Given the growing uneasiness, isn’t it high time that we seriously reviewed the policy’s effectiveness and impact? We have agreed to implementing this policy on a mass policy roll out process for several years now across the entire country without first doing a pilot under very strict Monitoring and Evaluation (M&E) settings to assess the impact on children who need to pass exams, enter university, graduate, and more importantly convince employers and find work in the scarce job market where they have to prove high levels of competencies in reading, writing, speaking, liaising with the rest of the world, and engaging in discussions and negotiations with others beyond Vanuatu’s borders, in English or French, not Bislama.

We listened well to the advices received from foreign consultants and so-called ‘experts’ and rolled out the policy nationwide, but failed to contextualise the whole idea within Vanuatu’s unique setting.

Talk-back-Show on TBV (radio and TV) as well as FM107 should probably take this up as a subject for a future program.

We’ve allowed foreign advisers who don’t teach in Vanuatu classrooms, who don’t understand what’s really wrong with Bislama, and its effects on our kids’ brains, to tell us what to do. We are now hearing of the challenges. And those consultants are happily paid and gone.

A local educationist recently commented that if we are not careful, we will ‘kill a generation of young children’ who have been subjected to this policy.

The success of vernacular in other jurisdictions cannot be the benchmark to justify the policy undergoing a wholesale cut and paste operation here in Vanuatu. We’ve all learnt from the ill effects of cut and paste policies in other areas in the past. Time and time again they’ve failed to work, amid varying circumstances.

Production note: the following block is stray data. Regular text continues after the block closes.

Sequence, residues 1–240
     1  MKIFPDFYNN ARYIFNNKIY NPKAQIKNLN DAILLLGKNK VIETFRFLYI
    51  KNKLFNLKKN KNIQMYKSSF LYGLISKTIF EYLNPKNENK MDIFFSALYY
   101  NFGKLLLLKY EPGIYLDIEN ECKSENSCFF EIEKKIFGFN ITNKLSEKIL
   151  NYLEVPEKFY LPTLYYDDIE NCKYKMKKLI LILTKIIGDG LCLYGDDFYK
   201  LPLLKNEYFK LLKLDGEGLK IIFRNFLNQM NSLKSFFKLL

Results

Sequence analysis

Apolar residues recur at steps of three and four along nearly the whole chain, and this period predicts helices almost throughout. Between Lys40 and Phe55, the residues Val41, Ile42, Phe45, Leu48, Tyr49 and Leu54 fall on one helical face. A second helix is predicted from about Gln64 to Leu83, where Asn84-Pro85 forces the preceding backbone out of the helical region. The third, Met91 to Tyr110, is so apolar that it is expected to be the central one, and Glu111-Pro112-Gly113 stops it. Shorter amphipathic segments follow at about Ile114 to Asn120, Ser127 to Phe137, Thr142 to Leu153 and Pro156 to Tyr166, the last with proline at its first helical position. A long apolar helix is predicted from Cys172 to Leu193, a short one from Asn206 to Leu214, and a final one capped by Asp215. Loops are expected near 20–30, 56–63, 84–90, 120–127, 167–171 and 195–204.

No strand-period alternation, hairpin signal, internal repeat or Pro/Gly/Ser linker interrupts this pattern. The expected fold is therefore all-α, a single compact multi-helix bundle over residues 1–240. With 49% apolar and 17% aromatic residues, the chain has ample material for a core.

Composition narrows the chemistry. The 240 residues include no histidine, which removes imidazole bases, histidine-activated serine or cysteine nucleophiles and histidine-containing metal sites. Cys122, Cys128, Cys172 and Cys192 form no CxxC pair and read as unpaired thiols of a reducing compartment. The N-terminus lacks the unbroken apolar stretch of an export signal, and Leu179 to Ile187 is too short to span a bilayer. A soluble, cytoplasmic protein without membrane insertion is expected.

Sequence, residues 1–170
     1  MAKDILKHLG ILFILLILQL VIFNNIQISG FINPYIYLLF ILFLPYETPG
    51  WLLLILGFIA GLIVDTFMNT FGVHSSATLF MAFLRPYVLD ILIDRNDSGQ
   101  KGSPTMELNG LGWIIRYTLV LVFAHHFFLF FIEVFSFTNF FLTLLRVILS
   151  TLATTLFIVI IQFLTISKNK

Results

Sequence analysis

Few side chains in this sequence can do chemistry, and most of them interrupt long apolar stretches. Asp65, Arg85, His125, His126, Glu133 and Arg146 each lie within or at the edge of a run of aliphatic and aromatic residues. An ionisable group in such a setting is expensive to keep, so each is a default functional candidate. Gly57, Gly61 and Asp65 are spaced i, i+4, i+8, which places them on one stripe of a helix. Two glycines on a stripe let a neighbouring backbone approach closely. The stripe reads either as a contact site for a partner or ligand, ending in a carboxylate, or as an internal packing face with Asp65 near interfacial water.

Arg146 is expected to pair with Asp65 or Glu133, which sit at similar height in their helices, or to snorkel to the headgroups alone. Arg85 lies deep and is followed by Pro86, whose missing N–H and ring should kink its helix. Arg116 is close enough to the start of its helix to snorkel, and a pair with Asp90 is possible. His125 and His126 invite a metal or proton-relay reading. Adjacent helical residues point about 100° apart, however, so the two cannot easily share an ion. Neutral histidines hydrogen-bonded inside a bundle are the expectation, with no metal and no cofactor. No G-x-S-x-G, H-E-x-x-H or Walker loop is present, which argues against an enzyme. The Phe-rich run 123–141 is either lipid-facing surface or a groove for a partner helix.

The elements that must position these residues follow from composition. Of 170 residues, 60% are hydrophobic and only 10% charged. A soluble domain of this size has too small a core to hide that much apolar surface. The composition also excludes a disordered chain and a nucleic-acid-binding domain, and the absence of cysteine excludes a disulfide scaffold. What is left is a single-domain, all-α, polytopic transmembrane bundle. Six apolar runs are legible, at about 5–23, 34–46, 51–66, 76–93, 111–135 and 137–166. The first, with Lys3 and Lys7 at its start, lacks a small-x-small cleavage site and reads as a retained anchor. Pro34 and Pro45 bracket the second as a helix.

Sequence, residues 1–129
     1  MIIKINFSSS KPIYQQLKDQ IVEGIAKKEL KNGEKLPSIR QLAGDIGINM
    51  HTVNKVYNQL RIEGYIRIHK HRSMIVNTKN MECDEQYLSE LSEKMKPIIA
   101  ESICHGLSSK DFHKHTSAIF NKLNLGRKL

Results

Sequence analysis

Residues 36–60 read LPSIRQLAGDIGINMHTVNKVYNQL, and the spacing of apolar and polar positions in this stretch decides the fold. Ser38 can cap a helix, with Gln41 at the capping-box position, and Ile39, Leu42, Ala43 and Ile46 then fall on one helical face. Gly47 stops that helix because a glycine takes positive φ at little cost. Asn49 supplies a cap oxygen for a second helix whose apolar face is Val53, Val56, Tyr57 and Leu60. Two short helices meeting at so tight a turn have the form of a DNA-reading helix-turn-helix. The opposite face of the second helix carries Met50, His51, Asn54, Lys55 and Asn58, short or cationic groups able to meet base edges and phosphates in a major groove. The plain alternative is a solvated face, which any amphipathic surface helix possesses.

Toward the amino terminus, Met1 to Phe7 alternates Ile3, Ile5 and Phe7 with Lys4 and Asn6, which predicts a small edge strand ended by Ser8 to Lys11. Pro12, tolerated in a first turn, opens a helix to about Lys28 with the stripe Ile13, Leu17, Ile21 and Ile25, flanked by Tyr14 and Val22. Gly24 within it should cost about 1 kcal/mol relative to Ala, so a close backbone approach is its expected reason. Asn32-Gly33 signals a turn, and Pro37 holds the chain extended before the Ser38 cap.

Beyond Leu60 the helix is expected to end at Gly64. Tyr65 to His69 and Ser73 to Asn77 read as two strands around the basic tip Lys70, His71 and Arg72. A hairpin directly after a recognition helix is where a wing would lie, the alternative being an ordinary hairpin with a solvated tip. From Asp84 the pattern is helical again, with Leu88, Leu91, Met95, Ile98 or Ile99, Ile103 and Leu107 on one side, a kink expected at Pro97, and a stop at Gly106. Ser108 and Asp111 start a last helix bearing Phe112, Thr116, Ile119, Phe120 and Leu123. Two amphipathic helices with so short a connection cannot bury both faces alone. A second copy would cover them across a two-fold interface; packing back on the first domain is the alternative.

Inappropriate context being a key one.

Bislama, of all languages, is not anybody’s mother tongue, to begin with. The root of this plantation language comes from traders trying to communicate with our locals over beche-de-mer and sandalwood trading in our past history.

There is this recent case where a mother asked her Class 3 child to spell a particular English word. The poor kid could not do it, though he had it spelt correctly in Bislama. Some have noticed pronounciations being a big challenge, especially within public schools that are using bislama as a vernacular. They can’t pronounce English words properly because they’ve been taught to pronounce those words in bislama.

Key question to raise at this juncture is, has an impact study already been carried out on this policy or not? Available literature indicates that a survey was conduct in Shefa province in 2011 to assess Adult Language Literacy and Numeracy (LLN). The result of that survey indicates that ‘only 27.6%’ were classified as literate. That is already alarming enough.

How about a proper impact study being conducted on school kids since the introduction of Bislama into schools? We cannot take things for granted, especially when the education and future employability of Vanuatu’s children is concerned. Too much is at stake.